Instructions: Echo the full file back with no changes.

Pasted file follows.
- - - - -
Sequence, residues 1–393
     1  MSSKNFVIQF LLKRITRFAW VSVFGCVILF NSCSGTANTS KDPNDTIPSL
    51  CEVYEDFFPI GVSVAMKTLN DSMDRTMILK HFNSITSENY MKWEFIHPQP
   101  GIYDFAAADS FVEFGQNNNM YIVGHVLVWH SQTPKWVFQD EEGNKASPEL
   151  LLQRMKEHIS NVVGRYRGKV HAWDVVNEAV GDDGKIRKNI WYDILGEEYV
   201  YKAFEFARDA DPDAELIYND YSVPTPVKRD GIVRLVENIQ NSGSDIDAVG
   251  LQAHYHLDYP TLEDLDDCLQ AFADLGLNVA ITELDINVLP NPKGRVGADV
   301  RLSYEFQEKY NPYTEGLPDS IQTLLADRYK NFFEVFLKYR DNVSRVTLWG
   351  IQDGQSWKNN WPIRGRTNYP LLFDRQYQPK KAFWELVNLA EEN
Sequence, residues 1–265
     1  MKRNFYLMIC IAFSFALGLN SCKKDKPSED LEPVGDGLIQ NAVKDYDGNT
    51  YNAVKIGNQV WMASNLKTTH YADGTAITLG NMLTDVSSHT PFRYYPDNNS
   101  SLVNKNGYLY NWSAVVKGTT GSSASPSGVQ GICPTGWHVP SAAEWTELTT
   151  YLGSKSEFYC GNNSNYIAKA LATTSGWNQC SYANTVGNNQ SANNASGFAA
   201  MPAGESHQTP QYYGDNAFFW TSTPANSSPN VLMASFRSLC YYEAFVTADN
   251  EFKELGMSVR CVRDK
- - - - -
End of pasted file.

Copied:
Sequence, residues 1–393
     1  MSSKNFVIQF LLKRITRFAW VSVFGCVILF NSCSGTANTS KDPNDTIPSL
    51  CEVYEDFFPI GVSVAMKTLN DSMDRTMILK HFNSITSENY MKWEFIHPQP
   101  GIYDFAAADS FVEFGQNNNM YIVGHVLVWH SQTPKWVFQD EEGNKASPEL
   151  LLQRMKEHIS NVVGRYRGKV HAWDVVNEAV GDDGKIRKNI WYDILGEEYV
   201  YKAFEFARDA DPDAELIYND YSVPTPVKRD GIVRLVENIQ NSGSDIDAVG
   251  LQAHYHLDYP TLEDLDDCLQ AFADLGLNVA ITELDINVLP NPKGRVGADV
   301  RLSYEFQEKY NPYTEGLPDS IQTLLADRYK NFFEVFLKYR DNVSRVTLWG
   351  IQDGQSWKNN WPIRGRTNYP LLFDRQYQPK KAFWELVNLA EEN
Sequence, residues 1–265
     1  MKRNFYLMIC IAFSFALGLN SCKKDKPSED LEPVGDGLIQ NAVKDYDGNT
    51  YNAVKIGNQV WMASNLKTTH YADGTAITLG NMLTDVSSHT PFRYYPDNNS
   101  SLVNKNGYLY NWSAVVKGTT GSSASPSGVQ GICPTGWHVP SAAEWTELTT
   151  YLGSKSEFYC GNNSNYIAKA LATTSGWNQC SYANTVGNNQ SANNASGFAA
   201  MPAGESHQTP QYYGDNAFFW TSTPANSSPN VLMASFRSLC YYEAFVTADN
   251  EFKELGMSVR CVRDK